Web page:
When asked what he would say if he met God in an afterlife Bertrand Russell responded, ‘I should reproach him for not giving us enough evidence.’ Some atheists will make the stronger claim that there is no evidence for God’s existence. By contrast, on this website we claim in various articles that there is evidence for God’s existence, and pretty good evidence into the bargain. Given such a disparity, it is worth asking what we mean by ‘evidence’?
Some people might think of evidence in terms of the five senses, but this is much too restrictive. Scientists, for example, don’t limit themselves to the five senses, but use various instruments to weigh objects, measure charge, detect particles, etc. Of course, the senses are important since, for example, we see the dial pointing to a certain value, but we don’t see the weight of the object or see the particle in question. Obviously though, we can’t use instruments in this way to detect God, so if this is how evidence is to be understood the evidence for God seems to be non-existent.
But this is still much too restrictive because it suggests that the only way we can know if something exists is to detect it directly using either our senses or suitable measuring devices. The problem is that things in science aren’t so simple. How do we know that particles such as electrons or protons exist? We certainly can’t see them with the naked eye. Scientists have developed various particles detectors, but how do they know they are really detecting the particles as claimed? It’s not as if they can take a look to check that the devices are getting it right. The story of how scientists came to believe in the existence of such particles is not straightforward, but very roughly the idea is that postulating their existence made much more sense of a range of phenomena that otherwise would have seemed very puzzling.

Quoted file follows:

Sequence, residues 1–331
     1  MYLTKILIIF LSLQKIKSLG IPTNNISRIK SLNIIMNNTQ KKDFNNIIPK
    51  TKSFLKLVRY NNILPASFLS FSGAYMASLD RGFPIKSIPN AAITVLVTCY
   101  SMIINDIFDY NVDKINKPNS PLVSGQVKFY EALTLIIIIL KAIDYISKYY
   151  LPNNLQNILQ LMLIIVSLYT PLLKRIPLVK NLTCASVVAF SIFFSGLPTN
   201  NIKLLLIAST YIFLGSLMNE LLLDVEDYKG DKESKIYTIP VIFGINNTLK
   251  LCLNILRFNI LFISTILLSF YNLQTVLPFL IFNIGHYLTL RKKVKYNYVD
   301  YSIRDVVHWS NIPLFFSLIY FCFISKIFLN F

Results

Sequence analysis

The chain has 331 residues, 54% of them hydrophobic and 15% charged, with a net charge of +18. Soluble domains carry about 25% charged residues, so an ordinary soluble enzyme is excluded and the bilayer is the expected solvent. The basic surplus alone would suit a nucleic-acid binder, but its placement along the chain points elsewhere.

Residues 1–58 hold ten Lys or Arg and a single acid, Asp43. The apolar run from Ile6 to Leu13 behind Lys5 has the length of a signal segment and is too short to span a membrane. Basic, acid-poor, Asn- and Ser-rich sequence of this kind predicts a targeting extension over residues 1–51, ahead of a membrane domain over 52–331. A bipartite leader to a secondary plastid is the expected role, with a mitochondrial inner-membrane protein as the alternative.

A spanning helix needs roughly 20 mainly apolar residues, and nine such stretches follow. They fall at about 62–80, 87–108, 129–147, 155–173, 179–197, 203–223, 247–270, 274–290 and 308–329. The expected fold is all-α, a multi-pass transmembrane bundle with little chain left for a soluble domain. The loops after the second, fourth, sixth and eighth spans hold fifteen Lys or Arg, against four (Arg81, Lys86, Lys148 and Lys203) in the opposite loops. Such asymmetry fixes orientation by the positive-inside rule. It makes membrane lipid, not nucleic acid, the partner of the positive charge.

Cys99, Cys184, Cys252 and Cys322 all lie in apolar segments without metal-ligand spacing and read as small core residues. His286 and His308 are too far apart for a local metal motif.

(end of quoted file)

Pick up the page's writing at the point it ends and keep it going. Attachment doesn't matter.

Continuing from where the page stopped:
When we consider historical claims in science, things are even less straightforward. Many scientists believe that the dinosaurs were wiped out by an asteroid collision in Mexico about 65 million years ago. What evidence is there for this belief? Clearly, this conclusion is not one that can be reached directly using the five senses or some sort of instrument. Instead, in 2010 an international panel of scientists investigated the matter in great detail by considering all the available evidence and comparing the asteroid collision theory with alternative explanations, particularly one appealing to volcanic activity . Basically, the asteroid collision theory explained all the relevant evidence much better than the alternatives.
Similar principles apply in non-scientific contexts. Historians draw on a variety of sources, but they do not simply describe these sources to us. Instead, they go beyond them in order to make sense of them and to come up with historical narratives that best account for all the available evidence. Detectives similarly do not have direct access to the crime itself in the vast majority of cases. They attempt to piece together all the evidence in order to determine the most plausible explanation.